AARP Multicultural Survey July 2001
Feelings about Being in the Middle
Eighteen percent of Americans between the ages of 45 and 55 report that they feel stressed because they are “sandwiched between the needs of my immediate family and older relatives.” Predictably, as the responses charted in figure 12 indicate, such feelings run highest among people who live with at least one of their parents or in-laws (34%). The sentiment is shared by 30 percent of those who reside in three-generation households with their children and their parents or in-laws. Others who feel caught in the middle include those who care for their elders, support them financially, or both (30%).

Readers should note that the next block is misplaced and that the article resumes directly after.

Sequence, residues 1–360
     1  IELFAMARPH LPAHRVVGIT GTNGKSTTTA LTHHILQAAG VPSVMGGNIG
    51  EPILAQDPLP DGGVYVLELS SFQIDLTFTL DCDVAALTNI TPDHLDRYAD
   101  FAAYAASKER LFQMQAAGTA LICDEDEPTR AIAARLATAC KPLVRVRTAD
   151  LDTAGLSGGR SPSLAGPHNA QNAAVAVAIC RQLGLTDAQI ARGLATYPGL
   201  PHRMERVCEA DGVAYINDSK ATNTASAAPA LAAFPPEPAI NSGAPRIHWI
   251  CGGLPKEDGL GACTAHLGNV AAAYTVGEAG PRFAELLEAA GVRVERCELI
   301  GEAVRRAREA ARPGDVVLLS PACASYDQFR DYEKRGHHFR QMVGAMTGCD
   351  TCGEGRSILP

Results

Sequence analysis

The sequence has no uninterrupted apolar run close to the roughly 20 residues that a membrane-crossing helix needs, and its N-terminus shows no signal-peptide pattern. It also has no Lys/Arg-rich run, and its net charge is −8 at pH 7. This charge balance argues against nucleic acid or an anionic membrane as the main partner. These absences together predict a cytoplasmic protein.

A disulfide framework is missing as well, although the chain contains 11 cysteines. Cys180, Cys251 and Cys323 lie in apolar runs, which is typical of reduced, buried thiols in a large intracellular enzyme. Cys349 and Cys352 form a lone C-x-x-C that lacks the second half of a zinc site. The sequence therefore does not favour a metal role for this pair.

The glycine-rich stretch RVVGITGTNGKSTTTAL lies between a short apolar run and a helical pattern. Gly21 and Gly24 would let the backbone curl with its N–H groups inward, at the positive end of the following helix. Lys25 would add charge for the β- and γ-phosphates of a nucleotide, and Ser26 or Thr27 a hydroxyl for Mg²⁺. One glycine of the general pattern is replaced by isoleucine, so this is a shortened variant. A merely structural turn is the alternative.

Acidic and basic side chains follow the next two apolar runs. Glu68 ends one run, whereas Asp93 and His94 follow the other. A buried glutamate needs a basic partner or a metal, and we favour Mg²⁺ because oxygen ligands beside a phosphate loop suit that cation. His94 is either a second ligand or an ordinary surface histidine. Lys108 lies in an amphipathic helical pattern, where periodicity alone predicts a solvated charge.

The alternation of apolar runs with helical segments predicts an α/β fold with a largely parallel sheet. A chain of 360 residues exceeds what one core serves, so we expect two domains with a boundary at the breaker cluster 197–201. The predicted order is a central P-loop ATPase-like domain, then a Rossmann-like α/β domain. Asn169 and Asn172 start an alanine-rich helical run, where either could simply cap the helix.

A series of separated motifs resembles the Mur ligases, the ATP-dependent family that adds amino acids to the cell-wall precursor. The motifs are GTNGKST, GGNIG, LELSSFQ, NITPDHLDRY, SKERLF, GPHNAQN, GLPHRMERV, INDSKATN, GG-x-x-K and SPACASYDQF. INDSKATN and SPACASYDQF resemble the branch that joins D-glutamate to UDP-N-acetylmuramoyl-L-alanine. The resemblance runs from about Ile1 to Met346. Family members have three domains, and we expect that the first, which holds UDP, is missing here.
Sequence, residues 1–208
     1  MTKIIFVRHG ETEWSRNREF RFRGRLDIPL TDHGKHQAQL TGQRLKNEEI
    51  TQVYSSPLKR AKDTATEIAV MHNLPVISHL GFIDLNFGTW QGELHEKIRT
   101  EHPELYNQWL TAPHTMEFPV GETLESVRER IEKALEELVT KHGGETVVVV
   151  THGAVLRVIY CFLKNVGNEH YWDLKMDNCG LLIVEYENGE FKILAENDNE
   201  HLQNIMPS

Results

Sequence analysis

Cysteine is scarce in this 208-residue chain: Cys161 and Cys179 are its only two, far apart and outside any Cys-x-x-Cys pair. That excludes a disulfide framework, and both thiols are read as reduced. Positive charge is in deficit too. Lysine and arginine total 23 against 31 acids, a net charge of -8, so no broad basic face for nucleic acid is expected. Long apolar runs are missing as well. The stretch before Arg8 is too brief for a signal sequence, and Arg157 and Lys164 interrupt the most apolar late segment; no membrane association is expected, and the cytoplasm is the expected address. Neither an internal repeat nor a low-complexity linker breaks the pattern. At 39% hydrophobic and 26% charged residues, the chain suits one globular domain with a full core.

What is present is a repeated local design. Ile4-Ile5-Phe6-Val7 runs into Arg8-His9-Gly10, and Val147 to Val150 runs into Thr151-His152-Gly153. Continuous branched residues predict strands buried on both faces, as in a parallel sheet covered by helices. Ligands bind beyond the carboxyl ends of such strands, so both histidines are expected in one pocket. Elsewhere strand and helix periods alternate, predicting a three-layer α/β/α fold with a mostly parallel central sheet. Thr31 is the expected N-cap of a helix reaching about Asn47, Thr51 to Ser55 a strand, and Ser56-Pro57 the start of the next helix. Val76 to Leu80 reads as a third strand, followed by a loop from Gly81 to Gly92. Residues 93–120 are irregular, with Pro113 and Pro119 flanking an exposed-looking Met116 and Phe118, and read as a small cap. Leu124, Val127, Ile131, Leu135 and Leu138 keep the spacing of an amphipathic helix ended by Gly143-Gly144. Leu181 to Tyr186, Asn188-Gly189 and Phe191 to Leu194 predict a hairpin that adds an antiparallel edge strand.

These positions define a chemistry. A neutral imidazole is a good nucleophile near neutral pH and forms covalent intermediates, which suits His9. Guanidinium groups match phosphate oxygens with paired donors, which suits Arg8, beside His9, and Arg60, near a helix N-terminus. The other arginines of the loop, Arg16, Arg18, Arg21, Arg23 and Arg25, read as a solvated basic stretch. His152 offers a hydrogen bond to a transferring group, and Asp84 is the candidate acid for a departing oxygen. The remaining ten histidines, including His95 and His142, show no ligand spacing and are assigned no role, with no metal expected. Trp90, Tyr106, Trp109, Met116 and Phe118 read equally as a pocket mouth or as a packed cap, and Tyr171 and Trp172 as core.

The greatest differences among respondents to this question fall along racial and ethnic lines. Thirty-two percent of Hispanics feel stress from being “family- sandwiched,” as do 28 percent of Asian Americans. But only 19 percent of African Americans and 16 percent of whites express this feeling. Also, older boomers born outside the United States (30%) and those with annual household incomes under $30,000 (27%) most frequently feel “sandwiched.” The percentage of affirmative responses from immigrants may reflect relatively high proportions of Hispanics and Asian Americans in that group.
Prepared for AARP by Belden Russonello & Stewart and Research/Strategy/Management Page 68